The texting chain issues sounds indicative of a larger/deeper problem to me — one that I have with my own parents. That problem is unclear boundaries and there is a real term for it called “enmeshment”. Basically it’s where your parents are so involved in your life that they don’t see you / treat you as your own person. This can have a big negative effect on both you, your parents, your future husband, and your marriage and be quite painful for everyone involved to deal with.

Treat your family with respect but begin establishing your own boundaries with intention. It’s up to you to decide if a conversation is necessary or if you can just do it through action. It may happen more naturally as you become physically and financially independent or your parents might freak out emotionally and try really hard to hold on. This is common.

Who knows, I have the kind of relationship with my parents where I felt like it was necessary to say “hey mom and dad, i love you but i’ve formed this other core relationship now and you guys have to take a back seat to that in my priorities. For x, y, z reason i feel like I need to clearly establish better boundaries and for us to move into this new phase of our relationship where you are my parents but no longer parenting me. I still want to be close to you but this is better for all of us long term.” My parents said they totally understood where I was coming from, agreed, and would give me more space. Having it out in the open and verbalized has helped us all to work on changing our patterns of behavior and relating to one another.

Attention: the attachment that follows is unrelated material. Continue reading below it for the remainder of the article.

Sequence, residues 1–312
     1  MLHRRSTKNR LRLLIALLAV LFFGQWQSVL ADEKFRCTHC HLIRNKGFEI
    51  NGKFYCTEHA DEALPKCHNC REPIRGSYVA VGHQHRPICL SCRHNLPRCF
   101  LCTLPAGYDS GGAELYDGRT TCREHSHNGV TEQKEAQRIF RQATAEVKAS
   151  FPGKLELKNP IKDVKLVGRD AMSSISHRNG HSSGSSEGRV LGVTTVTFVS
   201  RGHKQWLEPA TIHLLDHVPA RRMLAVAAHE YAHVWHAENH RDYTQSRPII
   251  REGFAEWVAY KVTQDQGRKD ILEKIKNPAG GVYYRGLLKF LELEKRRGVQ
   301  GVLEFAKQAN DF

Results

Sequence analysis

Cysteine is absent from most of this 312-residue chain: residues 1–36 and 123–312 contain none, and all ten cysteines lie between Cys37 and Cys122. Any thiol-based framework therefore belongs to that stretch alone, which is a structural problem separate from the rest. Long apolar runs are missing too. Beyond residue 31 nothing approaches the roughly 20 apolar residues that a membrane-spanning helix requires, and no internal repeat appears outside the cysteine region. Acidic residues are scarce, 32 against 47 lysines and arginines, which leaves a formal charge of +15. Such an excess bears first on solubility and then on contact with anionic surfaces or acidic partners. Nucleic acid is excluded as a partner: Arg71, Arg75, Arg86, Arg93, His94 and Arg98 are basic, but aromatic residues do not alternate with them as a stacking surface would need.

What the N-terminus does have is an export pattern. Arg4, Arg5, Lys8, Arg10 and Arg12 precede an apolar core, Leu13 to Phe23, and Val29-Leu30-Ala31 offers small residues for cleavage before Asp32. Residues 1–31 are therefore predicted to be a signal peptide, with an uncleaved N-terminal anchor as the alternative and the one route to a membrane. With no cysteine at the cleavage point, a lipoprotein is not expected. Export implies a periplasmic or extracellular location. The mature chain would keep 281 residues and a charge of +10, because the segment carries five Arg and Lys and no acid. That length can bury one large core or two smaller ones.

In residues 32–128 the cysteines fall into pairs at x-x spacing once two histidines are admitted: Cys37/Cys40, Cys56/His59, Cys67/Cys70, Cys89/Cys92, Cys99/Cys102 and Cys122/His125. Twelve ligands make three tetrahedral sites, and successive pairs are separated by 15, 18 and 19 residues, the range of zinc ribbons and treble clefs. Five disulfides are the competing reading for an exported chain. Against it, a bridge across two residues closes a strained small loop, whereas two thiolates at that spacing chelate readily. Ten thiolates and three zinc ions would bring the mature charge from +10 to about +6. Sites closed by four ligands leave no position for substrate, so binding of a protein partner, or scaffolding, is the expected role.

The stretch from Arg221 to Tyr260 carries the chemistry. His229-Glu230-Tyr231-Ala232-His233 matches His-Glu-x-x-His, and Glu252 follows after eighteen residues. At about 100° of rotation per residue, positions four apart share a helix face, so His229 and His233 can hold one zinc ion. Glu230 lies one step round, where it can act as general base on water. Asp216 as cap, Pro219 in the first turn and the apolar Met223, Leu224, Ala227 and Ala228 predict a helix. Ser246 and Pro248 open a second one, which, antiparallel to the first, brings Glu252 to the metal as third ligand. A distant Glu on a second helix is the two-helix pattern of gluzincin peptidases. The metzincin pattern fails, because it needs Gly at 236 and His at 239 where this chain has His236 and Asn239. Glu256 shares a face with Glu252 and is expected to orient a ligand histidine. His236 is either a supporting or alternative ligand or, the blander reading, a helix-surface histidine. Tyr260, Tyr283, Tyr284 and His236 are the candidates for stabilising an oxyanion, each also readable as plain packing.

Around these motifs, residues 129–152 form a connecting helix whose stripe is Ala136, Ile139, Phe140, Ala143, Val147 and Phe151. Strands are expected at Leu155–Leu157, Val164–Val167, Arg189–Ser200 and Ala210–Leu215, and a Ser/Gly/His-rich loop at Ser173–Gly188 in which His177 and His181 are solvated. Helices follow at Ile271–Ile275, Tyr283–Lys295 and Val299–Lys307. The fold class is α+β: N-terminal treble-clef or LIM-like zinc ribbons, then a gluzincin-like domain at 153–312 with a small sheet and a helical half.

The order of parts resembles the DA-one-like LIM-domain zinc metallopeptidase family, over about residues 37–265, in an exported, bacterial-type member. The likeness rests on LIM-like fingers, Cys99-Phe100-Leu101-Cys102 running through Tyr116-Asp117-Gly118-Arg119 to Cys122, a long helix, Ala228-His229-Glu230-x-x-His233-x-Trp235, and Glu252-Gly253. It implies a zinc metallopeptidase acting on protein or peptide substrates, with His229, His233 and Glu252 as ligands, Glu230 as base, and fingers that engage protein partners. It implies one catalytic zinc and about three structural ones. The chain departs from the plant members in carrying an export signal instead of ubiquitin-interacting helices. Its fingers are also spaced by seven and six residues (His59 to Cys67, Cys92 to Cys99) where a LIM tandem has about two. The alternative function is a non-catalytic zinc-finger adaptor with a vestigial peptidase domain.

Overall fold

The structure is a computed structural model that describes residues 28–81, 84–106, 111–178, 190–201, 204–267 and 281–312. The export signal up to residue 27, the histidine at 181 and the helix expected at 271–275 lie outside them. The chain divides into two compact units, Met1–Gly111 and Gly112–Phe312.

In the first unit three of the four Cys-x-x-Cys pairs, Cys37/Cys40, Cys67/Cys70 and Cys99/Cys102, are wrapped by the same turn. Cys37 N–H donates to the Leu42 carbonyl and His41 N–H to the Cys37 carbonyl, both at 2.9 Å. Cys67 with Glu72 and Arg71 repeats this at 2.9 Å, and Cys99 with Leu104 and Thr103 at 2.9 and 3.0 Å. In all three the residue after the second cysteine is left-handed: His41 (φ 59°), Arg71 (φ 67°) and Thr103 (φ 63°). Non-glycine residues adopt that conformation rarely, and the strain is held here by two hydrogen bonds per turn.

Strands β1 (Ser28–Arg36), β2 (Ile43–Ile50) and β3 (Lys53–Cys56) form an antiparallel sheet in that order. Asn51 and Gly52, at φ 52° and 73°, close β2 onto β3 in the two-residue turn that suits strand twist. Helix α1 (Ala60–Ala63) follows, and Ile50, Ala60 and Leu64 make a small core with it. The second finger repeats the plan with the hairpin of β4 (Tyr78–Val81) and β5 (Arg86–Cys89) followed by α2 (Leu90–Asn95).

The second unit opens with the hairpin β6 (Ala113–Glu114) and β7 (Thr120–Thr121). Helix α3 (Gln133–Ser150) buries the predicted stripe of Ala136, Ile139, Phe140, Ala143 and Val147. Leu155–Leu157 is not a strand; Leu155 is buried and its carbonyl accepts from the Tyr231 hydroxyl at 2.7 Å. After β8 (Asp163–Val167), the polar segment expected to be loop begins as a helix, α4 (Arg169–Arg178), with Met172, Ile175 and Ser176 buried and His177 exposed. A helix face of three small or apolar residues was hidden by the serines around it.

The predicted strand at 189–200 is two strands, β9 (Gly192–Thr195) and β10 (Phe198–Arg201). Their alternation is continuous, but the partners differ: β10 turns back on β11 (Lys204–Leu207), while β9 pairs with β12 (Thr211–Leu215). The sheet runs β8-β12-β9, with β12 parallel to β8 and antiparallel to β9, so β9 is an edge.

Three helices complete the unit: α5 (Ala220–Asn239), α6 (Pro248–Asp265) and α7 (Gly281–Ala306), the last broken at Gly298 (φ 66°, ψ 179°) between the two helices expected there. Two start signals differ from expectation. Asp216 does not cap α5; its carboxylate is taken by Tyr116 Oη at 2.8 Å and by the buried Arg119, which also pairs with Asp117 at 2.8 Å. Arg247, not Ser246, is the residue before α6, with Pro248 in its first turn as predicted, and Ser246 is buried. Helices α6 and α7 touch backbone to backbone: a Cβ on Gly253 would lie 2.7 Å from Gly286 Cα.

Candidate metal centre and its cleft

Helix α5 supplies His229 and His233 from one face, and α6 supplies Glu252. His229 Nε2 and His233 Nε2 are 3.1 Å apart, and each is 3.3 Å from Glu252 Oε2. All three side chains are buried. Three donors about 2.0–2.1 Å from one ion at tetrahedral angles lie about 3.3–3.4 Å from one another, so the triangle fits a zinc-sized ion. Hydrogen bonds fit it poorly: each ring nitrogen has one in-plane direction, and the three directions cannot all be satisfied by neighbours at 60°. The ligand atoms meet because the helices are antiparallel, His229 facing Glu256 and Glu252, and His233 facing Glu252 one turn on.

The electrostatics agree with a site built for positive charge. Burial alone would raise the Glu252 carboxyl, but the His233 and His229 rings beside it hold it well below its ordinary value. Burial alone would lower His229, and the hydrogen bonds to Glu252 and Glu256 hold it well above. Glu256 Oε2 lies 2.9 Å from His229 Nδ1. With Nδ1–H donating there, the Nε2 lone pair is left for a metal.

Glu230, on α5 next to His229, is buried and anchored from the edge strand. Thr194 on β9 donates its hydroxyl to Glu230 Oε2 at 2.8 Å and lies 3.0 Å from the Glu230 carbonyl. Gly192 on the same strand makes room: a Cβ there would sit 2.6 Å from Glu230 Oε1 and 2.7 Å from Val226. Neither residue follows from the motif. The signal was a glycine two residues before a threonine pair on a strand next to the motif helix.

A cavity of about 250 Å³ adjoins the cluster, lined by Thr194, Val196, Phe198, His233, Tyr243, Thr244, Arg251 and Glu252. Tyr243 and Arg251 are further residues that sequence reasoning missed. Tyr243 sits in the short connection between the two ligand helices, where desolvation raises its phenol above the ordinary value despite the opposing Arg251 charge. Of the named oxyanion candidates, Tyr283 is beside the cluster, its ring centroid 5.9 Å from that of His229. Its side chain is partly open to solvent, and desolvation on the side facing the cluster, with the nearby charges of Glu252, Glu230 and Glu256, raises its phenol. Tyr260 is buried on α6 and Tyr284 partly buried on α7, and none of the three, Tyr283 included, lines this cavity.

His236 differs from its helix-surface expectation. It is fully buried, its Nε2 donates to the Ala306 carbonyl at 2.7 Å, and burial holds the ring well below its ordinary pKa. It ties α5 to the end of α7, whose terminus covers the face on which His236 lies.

By the way — it’s not up to others to judge what kind of relationship you would like to have with your parents. And wanting more independence is normal and healthy, not bratty or spoiled or mean. And it doesn’t mean you love them less or don’t appreciate them/all they have done for you.